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INDEX States tax codes, 225 welfare benefit variations, 10~103, 237, 238, 266 work-welfare programs, 5, 263 Suburbs, 120n.3 employment in, 10~}102 and black joblessness, 187-188, 196 197, 19~200, 202, 250255 blacks living in, 206 216, 21~219 blacks working in, 194n.6, 202 206, 218 federal policies and, 224 225, 226, 231, 235, 245 minorities in, 8, 227-228, 229, 230 poor in, 39 schools in, 172, 207-208 subsidized housing in, 104 Suffolk County, N.Y. SMSA boundaries, 57, 58 Supported Work Demonstration, 244, 245, 263 Sustaining Erects (SE) study, 145-146, 149, 150, 155 Tampa, Fla., 15~159n.43 Taxation, 235, 240 mortgage interest deduction, 224, 225 Teenagers, 174. See also Children crime, 157-158, 159-160, 161, 175, 257 employment, 101, 167, 19~199, 202, 217, 218 pregnancy, 119-120, 123, 125, 165-166, 167, 257, 263 sexual behavior, 131, 162-167, 175-176, 177, 256-257 Temple University, 20-21 Tenant ownership, 105 Texas, 24n.12 ghetto poor, 36, 37 Hispanics, 33, 34 Transportation policy, 23~234, 266. See also Public transportation Underclass, 7, 11-12, 16, 17-18, 19, 68, 165, 257-258, 267 Unemployment education and, 103 federal policies and, 220, 223-224, 243 in ghettos, 2, 28, 76, 83, 9~102, 260 job proximity and, 196 197, 199, 200n.12, 207, 209 210, 219, 254-255 and migration, 237 neighborhood effects, 16~170 and poverty rate, 4, 261 United States. See also Federal policy Constitution, Z7 279 Department of Education, 145 Department of Housing and Urban Development (HUD), 93, 104, 105, 227 Department of Labor, 208n.19 Supreme Court, 227, 238 Universities, 180 University of Chicago, 193 University of Michigan Panel Study of Income Dynamics (PSID), 121n.4, 135, 137, 168 169, 189n.3, 201, 208n.19, 219, 24~241, 258, 259 Urban Change and Policy (Committee on National Urban Policy), 7 Urban Mass Transportation Administration, 234 Urban poverty. See Ghetto poverty "Vanishing Black Family, The," 16 War on Poverty, 69 Washington, D.C. gentrification, 105 poverty neighborhoods, 71, 73, 82 subway system, 23~231 Washington Park (Chicago), 71 Watts (Los Angeles), 71, 88, 89, 102 Welfare, 19, 169-170 benefits, 237, 266 and children, 137n.20, 259-260 dependency, 2, 176, 263 federal job programs and, 244 federal policy, 102, 236 240 West federal policies and, 3, 245 ghetto poverty in, 1, 10, 36, 40, 6~67, 86 population growth, 8 Whites effects on blacks in employment, 190, 192-193, 194, 195, 217 in school, 146-152, 154 in suburbs, 216 federal housing for, 104 and ghetto poverty, 1, 10, 24, 33, 82, 123 out-migration from cities, 49, 50, 74, 87~8, 240 neighborhood edects on, 111 educational attainment, 135, 136-137 income, 16~169, 197-198, 204, 208, 230 parental effects, 146 school effects on, 188n.1 racial composition, 148, 152-154, 16~167, 174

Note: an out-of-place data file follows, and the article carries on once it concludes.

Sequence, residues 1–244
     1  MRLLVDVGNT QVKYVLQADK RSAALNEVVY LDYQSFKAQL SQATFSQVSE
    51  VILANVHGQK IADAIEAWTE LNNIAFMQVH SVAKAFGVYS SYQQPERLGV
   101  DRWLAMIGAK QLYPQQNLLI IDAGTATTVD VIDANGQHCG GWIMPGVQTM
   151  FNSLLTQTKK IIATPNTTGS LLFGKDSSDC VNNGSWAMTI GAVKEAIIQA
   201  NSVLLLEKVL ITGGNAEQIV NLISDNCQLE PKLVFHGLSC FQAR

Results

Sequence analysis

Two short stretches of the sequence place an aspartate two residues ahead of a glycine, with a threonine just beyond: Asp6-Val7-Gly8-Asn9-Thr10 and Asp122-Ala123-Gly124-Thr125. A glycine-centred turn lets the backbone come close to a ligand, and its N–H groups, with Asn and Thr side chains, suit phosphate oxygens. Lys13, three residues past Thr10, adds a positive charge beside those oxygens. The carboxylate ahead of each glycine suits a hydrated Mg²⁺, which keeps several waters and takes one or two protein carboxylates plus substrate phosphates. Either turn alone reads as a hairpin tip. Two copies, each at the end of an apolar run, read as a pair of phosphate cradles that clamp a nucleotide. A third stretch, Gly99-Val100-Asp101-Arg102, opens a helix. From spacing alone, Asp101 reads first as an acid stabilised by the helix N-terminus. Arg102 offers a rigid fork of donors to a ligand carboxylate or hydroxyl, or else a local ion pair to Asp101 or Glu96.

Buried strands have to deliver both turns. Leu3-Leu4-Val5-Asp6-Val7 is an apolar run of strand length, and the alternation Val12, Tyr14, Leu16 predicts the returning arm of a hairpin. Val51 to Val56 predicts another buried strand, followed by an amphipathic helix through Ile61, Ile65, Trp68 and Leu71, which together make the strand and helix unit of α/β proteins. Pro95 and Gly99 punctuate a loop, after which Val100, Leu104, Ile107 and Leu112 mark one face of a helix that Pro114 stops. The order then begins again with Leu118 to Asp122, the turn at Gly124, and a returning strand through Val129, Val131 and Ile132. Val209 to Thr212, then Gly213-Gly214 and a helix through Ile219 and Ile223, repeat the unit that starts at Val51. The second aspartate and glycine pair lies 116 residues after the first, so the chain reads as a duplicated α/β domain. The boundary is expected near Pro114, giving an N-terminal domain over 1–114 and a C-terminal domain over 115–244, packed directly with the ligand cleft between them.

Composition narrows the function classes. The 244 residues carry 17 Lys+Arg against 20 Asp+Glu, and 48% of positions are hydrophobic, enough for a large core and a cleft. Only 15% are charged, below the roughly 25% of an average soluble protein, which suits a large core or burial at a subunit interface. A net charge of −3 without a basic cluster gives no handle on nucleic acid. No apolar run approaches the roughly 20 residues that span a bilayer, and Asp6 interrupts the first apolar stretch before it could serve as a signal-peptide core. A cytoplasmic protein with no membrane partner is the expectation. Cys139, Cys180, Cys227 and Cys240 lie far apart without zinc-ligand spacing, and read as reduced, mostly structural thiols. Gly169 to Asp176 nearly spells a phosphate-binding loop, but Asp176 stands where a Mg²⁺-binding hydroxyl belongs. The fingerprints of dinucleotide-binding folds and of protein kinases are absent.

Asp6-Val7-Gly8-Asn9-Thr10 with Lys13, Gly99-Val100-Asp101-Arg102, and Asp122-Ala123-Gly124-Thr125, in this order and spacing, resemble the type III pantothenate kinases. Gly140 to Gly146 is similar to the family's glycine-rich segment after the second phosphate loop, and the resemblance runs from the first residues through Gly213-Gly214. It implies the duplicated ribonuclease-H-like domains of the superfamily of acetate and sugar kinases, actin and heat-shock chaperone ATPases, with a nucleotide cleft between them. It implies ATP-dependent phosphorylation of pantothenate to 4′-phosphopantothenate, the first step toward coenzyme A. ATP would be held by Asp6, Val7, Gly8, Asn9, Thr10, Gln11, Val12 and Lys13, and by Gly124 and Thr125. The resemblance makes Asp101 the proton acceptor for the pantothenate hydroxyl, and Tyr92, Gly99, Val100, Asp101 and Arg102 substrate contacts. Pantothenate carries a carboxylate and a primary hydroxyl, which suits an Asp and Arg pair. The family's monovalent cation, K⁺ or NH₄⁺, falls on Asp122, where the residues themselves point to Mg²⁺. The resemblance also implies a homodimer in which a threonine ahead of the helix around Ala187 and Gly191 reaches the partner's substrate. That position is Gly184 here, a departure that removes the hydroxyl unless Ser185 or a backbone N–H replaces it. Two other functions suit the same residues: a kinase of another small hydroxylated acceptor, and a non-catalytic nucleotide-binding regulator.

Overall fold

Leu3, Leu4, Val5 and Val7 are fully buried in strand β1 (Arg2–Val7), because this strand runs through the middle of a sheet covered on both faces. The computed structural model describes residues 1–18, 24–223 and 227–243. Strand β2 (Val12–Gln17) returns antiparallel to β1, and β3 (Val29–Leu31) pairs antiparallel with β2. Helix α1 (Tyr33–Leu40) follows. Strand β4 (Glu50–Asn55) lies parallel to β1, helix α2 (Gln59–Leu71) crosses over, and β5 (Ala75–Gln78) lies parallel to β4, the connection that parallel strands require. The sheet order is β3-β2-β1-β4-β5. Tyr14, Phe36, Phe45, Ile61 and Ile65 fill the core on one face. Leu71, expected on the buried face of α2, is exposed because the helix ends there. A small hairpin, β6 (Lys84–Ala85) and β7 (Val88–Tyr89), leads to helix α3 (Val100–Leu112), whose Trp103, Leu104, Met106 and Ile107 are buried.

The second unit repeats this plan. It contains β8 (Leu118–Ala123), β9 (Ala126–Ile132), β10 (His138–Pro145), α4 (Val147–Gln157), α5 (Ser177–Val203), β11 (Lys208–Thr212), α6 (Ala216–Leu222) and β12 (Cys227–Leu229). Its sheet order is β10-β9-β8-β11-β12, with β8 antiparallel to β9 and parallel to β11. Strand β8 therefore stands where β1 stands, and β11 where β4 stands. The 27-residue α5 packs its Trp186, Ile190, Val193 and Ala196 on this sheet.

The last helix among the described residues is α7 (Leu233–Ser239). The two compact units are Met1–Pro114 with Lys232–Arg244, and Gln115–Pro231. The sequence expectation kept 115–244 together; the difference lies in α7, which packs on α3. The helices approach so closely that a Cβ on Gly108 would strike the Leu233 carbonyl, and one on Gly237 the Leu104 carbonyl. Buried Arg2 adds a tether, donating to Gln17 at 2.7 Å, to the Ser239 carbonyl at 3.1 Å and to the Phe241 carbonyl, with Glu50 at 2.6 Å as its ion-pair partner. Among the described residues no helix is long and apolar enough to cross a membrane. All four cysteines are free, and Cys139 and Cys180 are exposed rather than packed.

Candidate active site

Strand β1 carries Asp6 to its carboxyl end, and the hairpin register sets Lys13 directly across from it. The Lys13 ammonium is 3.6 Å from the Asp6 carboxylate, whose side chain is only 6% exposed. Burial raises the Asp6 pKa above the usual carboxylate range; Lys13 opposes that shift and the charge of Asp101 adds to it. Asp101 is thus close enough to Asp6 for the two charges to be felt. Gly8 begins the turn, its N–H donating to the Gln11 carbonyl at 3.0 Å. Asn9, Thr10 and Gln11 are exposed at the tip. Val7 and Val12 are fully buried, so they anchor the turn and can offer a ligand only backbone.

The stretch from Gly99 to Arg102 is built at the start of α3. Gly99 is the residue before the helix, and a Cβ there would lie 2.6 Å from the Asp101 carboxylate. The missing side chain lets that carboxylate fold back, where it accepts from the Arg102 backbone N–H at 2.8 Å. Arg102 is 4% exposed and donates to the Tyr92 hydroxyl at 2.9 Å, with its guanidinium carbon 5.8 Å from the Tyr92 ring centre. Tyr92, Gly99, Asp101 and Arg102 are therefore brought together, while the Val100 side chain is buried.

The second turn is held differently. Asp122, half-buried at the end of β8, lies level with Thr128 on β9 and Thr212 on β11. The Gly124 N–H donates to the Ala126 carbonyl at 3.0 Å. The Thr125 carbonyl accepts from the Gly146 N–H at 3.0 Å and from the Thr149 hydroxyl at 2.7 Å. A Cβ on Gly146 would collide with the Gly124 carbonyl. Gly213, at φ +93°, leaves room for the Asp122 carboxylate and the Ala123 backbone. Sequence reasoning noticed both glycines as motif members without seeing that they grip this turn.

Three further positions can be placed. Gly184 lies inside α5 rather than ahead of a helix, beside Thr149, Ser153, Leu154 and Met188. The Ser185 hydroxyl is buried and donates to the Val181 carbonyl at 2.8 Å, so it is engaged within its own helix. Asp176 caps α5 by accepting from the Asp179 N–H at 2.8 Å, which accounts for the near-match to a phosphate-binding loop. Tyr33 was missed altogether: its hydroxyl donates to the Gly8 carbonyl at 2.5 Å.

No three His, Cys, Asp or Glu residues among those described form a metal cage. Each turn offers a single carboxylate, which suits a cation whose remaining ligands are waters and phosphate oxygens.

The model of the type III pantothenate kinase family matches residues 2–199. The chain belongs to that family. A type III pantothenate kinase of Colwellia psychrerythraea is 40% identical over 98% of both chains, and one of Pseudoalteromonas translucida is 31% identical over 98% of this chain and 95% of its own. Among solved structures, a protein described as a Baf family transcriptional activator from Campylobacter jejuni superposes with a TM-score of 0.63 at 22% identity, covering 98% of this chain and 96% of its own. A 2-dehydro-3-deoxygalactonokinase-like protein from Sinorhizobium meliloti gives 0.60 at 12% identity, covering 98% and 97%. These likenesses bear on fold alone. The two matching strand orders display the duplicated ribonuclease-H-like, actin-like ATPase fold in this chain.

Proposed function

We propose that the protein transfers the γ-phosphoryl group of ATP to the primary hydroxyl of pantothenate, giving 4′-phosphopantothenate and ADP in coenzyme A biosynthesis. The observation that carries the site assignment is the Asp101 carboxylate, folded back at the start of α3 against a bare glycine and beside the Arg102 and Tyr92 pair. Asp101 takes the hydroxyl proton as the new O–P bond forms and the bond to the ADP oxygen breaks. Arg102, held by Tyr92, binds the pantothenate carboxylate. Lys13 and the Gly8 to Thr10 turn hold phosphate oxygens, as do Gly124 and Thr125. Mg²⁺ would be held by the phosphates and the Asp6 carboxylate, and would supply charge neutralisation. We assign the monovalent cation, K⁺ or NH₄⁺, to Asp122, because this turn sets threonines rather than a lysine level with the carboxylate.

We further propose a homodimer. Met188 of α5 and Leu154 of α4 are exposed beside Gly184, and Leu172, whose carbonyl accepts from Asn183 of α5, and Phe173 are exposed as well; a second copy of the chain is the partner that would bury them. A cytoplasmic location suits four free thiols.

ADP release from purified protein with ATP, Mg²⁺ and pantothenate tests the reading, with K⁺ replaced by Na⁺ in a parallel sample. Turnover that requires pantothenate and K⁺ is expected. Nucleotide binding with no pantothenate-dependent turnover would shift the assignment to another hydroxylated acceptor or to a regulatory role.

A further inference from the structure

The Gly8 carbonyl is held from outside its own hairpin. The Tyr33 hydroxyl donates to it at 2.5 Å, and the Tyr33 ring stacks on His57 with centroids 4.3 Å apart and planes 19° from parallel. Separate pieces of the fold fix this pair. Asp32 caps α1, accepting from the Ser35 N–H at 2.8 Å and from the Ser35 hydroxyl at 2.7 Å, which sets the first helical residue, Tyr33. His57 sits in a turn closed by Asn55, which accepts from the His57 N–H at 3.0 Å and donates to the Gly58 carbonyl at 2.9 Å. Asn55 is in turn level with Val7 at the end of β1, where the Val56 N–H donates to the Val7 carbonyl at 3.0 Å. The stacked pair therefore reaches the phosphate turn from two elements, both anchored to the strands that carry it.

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280 social composition, 130, 131-132, 133, 140, 141, 154, 160, 174, 175 teenage sexual behavior, 131n.10, 164 W~lkes-Barre, Pa. SMSA boundaries, 57-58 Women employment, 4, 101,171, 198, 260 feminization of poverty, 74 income, 212n.26, 217 INDEX single mothers, 29, 31, 102-103 teenage pregnancy, 167, 175-176 Women, Infants and Children (WIC), 263 Woodlawn (Chicago), 82, 88 Work-welfare programs, 5, 103, 263 Yonkers, N.Y., 207 Zoning, 265